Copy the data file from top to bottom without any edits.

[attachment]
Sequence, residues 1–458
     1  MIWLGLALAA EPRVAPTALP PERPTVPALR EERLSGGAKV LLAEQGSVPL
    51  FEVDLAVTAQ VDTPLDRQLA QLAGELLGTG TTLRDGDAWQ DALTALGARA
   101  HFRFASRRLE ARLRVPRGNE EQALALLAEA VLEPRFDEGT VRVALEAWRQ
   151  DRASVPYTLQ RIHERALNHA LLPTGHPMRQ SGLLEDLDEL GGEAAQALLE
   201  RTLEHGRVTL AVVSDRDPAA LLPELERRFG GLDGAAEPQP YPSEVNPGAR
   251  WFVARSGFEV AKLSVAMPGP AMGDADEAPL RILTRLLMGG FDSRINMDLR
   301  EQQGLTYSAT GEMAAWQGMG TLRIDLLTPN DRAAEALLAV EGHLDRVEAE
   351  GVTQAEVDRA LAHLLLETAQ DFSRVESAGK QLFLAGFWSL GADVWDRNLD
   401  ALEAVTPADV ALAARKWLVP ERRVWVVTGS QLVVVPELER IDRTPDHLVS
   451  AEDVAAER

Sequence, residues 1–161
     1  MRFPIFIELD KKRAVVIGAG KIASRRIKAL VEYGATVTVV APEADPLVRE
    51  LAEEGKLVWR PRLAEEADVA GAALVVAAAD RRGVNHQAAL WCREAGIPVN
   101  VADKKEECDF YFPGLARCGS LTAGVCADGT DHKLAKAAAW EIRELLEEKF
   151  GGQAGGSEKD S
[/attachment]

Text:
Sequence, residues 1–458
     1  MIWLGLALAA EPRVAPTALP PERPTVPALR EERLSGGAKV LLAEQGSVPL
    51  FEVDLAVTAQ VDTPLDRQLA QLAGELLGTG TTLRDGDAWQ DALTALGARA
   101  HFRFASRRLE ARLRVPRGNE EQALALLAEA VLEPRFDEGT VRVALEAWRQ
   151  DRASVPYTLQ RIHERALNHA LLPTGHPMRQ SGLLEDLDEL GGEAAQALLE
   201  RTLEHGRVTL AVVSDRDPAA LLPELERRFG GLDGAAEPQP YPSEVNPGAR
   251  WFVARSGFEV AKLSVAMPGP AMGDADEAPL RILTRLLMGG FDSRINMDLR
   301  EQQGLTYSAT GEMAAWQGMG TLRIDLLTPN DRAAEALLAV EGHLDRVEAE
   351  GVTQAEVDRA LAHLLLETAQ DFSRVESAGK QLFLAGFWSL GADVWDRNLD
   401  ALEAVTPADV ALAARKWLVP ERRVWVVTGS QLVVVPELER IDRTPDHLVS
   451  AEDVAAER

Sequence, residues 1–161
     1  MRFPIFIELD KKRAVVIGAG KIASRRIKAL VEYGATVTVV APEADPLVRE
    51  LAEEGKLVWR PRLAEEADVA GAALVVAAAD RRGVNHQAAL WCREAGIPVN
   101  VADKKEECDF YFPGLARCGS LTAGVCADGT DHKLAKAAAW EIRELLEEKF
   151  GGQAGGSEKD S